This small town and the valley of the same name lie north-west of Tehran, close to the Caspian Sea. There has never been a large production from this town.
The quality of these carpets before 1960 was very good. Between 1965-1980 the quality deteriorated when the requirements of the western market forced the weavers to modify their patterns and colours. After the revolution in 1979 the quality started improving again.

Old carpets which were still emerging on the market around the 1960s have since become rare.  They showed distinct similarities with Luris with some characteristics of Kurds of Shahsavan.

The looms in this area are placed outside of the house, with overhead covering of a canopy of sorts to protect the weavers from the elements. The warp is cotton, while the weft is of two-ply wool. The medium to deep pile is made of strong, but rather soft wool. The density of the Turkish knots is between 900 and 1400 per square decimetre.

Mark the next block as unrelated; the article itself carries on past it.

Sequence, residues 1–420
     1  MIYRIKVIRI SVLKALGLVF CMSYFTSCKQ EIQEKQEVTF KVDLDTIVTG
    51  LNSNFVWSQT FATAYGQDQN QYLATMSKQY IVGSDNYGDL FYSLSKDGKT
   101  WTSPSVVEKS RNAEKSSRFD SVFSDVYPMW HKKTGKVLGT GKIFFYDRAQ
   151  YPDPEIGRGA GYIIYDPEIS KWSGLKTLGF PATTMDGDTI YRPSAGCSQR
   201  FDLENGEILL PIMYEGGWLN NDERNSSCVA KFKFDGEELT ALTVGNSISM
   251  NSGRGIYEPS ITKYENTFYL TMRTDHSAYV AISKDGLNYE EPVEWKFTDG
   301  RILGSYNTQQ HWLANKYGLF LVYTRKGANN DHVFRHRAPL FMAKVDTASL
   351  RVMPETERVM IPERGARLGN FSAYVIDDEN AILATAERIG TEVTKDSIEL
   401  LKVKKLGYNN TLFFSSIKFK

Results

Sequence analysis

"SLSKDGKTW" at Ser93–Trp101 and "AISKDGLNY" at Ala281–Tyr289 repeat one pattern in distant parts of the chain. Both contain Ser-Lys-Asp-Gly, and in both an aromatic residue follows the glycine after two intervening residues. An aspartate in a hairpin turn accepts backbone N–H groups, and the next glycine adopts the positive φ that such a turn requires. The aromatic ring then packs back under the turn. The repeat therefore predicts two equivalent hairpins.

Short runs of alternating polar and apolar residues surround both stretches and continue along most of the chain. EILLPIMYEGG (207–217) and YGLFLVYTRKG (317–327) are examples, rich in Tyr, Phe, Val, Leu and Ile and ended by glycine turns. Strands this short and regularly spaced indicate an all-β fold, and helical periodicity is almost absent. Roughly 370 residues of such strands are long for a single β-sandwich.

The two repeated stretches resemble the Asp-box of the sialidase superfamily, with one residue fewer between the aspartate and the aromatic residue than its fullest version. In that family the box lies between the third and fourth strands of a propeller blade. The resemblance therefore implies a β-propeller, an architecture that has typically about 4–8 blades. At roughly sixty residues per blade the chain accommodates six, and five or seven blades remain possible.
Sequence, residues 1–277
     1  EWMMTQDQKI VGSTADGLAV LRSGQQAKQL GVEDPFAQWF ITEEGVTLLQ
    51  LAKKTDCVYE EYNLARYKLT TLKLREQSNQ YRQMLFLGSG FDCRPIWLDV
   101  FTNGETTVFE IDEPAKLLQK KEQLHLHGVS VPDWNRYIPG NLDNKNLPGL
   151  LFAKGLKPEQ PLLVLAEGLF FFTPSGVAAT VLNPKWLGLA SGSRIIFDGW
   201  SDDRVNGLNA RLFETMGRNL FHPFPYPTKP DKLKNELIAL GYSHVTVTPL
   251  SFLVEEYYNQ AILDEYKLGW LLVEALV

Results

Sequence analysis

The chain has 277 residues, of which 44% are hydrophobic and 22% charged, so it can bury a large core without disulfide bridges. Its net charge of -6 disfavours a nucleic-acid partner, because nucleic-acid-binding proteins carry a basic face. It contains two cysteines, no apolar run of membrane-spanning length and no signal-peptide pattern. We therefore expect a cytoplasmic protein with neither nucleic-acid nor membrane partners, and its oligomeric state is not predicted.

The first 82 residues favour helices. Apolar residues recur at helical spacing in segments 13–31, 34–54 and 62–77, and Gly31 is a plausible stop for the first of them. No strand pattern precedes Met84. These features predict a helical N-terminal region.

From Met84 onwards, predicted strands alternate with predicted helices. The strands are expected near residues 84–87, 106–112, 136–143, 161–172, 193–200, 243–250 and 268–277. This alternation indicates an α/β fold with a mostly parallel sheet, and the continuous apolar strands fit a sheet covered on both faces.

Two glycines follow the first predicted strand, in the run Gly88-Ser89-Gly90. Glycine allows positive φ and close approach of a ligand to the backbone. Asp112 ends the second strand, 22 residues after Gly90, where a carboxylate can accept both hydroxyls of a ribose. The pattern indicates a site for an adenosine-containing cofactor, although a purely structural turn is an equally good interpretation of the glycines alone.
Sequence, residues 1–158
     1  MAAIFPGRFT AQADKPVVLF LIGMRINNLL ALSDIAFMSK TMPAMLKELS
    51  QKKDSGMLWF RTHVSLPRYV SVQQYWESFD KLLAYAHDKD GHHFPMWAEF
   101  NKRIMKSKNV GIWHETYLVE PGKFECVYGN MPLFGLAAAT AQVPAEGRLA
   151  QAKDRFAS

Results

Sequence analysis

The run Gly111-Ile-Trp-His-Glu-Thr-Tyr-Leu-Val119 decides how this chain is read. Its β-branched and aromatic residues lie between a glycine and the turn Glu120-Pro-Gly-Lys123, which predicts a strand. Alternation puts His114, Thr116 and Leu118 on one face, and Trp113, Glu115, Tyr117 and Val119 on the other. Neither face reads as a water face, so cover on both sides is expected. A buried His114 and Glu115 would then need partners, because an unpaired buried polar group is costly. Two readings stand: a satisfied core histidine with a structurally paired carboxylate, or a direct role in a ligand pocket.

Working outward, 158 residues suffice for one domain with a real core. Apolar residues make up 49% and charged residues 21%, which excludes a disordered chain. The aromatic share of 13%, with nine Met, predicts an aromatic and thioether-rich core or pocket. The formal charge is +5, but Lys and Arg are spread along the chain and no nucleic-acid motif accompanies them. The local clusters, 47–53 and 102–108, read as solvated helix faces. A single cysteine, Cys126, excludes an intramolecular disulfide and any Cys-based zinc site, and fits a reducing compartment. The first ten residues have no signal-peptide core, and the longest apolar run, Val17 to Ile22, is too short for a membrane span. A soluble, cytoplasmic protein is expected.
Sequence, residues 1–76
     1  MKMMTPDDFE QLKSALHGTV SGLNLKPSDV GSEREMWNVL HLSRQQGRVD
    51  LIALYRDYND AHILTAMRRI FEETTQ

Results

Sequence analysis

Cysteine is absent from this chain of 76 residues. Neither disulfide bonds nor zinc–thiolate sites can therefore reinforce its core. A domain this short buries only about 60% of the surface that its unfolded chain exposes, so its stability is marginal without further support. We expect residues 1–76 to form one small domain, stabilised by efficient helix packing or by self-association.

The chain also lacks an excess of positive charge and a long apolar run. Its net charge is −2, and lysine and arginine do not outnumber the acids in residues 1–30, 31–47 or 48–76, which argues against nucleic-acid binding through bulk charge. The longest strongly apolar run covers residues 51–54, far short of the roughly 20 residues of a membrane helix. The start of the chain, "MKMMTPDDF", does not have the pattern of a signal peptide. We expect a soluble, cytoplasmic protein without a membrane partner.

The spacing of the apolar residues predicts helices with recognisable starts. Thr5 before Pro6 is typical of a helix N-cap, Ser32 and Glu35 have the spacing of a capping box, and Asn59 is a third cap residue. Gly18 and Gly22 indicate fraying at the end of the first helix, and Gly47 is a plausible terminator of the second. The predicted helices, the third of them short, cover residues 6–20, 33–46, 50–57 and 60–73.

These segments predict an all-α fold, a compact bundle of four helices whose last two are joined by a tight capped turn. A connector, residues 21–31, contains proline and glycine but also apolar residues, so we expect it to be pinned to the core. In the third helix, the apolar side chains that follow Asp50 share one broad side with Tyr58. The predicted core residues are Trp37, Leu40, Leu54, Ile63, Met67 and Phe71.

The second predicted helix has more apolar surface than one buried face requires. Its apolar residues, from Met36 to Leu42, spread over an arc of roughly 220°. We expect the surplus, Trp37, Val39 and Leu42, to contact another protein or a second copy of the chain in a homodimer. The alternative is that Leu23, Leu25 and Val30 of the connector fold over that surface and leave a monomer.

Kelardasht are popular for their originality and vivid design. They are good, hard-wearing carpets.